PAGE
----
174.5 MHz Radio
Inspired by a
of articles by John Rainey Smith in the Journal of
British Astronomical Association 1970
1970 October Vol.80 No.6; 1974 August Vol.84 No.5
Two ten element Yagi aerials looking skywards on an
east / west
base line and spaced about 22 metres apart.
If observed from a point on the terrestial equator the
virtual lobes would seem to be
4.5 degrees apart, equivalent to a diurnal period of 18
minutes per lobe.
My observations at 53 deg N are somewhat different i.e.
showing a timebase distortion
of about 1.66x and therefore an apparent diurnal period of 30
minutes per lobe.
Penned as Cygnus-A whispered through the virtual lobes
by the pair of spaced
A vintage Hameg spectrum
served as an ideal receiver
due to its appropriate bandwidth of about 5 MHz.
Oscilloscope to monitor loading of the phase sensitive
Antennae phasing switch ( sq.wave driven ) / Gulton/Rustrak
2" chart-recorder /
L.F. amp; phase sensitive detector (sq.wave
amp & 1000Hz square wave switch
The lowest unit is an experimental 30 MHz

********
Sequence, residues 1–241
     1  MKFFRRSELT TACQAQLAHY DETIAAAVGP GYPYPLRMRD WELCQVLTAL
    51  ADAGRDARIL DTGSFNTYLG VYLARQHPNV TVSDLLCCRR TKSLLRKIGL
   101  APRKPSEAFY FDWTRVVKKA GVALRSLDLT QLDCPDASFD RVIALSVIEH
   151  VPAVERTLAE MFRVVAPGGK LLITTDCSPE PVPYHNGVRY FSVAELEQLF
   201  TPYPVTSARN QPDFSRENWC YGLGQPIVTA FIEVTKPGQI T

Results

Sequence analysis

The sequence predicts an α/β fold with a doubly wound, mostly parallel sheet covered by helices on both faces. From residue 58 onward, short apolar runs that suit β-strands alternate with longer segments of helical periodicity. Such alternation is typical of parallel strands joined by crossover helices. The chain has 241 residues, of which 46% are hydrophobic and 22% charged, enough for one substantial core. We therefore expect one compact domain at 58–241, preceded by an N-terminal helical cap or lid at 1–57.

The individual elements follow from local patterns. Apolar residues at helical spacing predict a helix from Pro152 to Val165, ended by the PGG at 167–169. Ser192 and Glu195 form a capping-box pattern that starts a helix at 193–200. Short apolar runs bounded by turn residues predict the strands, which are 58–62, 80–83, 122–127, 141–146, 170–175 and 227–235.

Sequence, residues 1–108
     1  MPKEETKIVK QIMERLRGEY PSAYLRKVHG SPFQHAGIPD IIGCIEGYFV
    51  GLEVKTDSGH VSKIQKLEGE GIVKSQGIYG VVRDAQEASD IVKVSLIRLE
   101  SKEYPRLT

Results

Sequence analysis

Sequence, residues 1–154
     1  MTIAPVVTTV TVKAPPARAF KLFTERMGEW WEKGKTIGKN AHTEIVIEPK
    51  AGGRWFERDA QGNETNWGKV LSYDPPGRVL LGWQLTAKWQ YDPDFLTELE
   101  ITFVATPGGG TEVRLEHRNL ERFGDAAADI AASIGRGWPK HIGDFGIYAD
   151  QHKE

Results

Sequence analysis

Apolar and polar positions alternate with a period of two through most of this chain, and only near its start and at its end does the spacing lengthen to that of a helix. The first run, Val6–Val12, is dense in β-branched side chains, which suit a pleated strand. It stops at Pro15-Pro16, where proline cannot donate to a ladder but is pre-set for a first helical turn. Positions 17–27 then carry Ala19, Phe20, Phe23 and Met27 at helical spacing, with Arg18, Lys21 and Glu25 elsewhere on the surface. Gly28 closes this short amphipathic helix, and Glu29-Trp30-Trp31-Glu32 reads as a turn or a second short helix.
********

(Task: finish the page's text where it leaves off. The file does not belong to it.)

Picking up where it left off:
intermediate frequency amplifier.
Not shown are E<->W (20dB/CF439) aerial pre-amplifiers /
a stabilised 12 Volt P.S.U. for all solid state modules,
including the aerial pre-amplifiers
which receive their D.C. power via
the aerial cables.
noise comparator inc noise head
Link to a diagram which
shows how two separated (and coupled aerials) provide a virtual grating
on the Sky.
link to Journal "Nature" Vol.161, No.4087, pp.312-313 (28 Feb 1948)
Astronomers J.G.Bolton & G.J.Stanley
Credit is due to (the late) "Electrovalue" component emporium of
Burnage for their
excellent component catalogue; store-keeping and counter
Sadly as with many other similar establishments they are long gone.
( How are today's science teachers coping ? )
Most of the hardware including antennae and copies of the relevant BAA
are offered (for
approx. material cost)
to anyone who can convince me they will go to good home.
But first consider the following quotation from an
old B.A.A. "Nature, Aims and Methods" handbook : --
" - - - anyone capable of building a television
set without detailed instructions should (be able to) manage a radio